The Surprising Effects of Putting a Regular Woman in a Glamorous Image Sociologist Eva Illouz says in her book “The End of Love,” an examination of how avoiding love has become a feature of modern relationships, that “the economic worth of the female body was made conceivable by the fact that it was converted into a transferable visual unit.” Sexual-liberation movements, she claims, were subsumed into the consumer economy in the twentieth century, and “new norms of attractiveness” — a “mixture of clothing styles, allure, and bodily shape” — were codified into images that could be circulated with their own value, independent of the identity or status of the women pictured.
Social media has merely normalised the commodity-spectacle of oneself, diligently replicating “sexiness,” which Illouz characterises as “the outcome of new ideologies of sexuality as a commodity form and of the self as image.” Young people, particularly young women, have an easy way of creating highly fabricated images of themselves for online consumption, posing and lighting themselves as if advertising something — and, often, happily self-objectifying, revelling in the satisfactions of making their lives, and themselves, look like luxury items.
Barber’s Instagram account began as a collection of Barber attempting to do “rich-people things,” but these sorts of photographs aren’t only for the wealthy. They are designed to transcend class, not just to reposition luxury products as consumer commodities that everyone aspires to own, but also to position women, or a very small group of women, as a stand-in for the concept of women in the marketplace. Each portrays a fantasy feminine ideal and its harsh interaction with the rest of the world. Perhaps it would be more realistic to conceive of Barber’s goal as a catalogue of “capitalist things,” or “lady things,” or a mix of the two. After all, the bourgeois “woman” person is the human embodiment of capitalism.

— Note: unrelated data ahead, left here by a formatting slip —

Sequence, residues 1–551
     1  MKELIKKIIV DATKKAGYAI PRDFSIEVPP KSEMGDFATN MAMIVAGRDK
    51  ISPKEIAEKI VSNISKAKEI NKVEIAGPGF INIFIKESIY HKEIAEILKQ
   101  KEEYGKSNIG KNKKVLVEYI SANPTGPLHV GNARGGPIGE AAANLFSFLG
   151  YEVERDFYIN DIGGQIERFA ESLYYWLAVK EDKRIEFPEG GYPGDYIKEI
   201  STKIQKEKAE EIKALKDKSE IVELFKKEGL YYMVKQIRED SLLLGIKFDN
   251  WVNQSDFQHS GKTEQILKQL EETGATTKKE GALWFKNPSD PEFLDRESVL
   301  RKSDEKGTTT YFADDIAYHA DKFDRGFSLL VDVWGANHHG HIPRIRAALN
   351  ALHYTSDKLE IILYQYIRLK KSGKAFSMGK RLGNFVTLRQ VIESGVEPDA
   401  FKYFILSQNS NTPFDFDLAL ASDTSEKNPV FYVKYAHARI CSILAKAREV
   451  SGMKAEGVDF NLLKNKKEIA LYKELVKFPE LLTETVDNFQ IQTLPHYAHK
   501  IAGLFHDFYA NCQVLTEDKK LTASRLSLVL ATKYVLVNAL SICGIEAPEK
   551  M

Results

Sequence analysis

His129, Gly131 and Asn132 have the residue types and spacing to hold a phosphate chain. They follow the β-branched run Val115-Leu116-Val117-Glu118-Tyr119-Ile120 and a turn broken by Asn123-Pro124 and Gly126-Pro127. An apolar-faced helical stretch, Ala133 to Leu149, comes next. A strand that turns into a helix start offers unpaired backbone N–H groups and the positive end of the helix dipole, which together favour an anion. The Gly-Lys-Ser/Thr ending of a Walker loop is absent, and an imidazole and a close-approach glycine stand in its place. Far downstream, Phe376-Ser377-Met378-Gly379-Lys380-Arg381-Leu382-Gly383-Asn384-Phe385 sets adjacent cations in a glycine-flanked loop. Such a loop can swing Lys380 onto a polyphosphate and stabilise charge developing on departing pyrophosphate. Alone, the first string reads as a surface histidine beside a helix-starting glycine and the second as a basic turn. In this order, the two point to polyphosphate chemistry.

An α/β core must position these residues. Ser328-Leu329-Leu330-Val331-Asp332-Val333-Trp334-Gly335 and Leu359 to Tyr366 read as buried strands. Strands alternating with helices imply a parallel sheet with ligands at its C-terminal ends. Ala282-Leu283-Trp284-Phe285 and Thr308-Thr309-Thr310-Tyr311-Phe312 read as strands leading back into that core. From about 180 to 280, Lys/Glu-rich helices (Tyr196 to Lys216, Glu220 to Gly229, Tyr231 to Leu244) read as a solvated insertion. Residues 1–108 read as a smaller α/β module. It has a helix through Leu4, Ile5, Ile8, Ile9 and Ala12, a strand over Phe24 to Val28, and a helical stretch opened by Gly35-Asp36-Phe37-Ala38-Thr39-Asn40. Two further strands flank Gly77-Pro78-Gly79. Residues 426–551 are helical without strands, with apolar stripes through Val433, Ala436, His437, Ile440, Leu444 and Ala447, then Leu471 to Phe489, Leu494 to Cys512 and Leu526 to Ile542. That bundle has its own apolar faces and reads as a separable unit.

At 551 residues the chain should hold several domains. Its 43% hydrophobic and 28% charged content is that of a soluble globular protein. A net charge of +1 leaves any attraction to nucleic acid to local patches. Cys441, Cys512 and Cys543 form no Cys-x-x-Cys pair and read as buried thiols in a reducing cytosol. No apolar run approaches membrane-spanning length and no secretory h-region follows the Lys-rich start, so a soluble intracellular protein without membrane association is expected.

Barber observes in her “Challenge Accepted” comedy show that “in the land of being a lady, it seems that if you look a certain way — if you are really tall, a bird, and slim, you know, all arms and legs; think praying mantis, if you will” — if you are “an excellent, gorgeous praying-mantis woman, and you want to post naked photos of yourself, you, my friend, you are empowering.” Women will feel empowered as a result of this. Thank you very much. If you are less praying mantis and more armadillo, and you also want to broadcast naked images of yourself – this is not empowering to women. It is, however, quite bold” — the inference being that “brave” is code for “fat” in this context.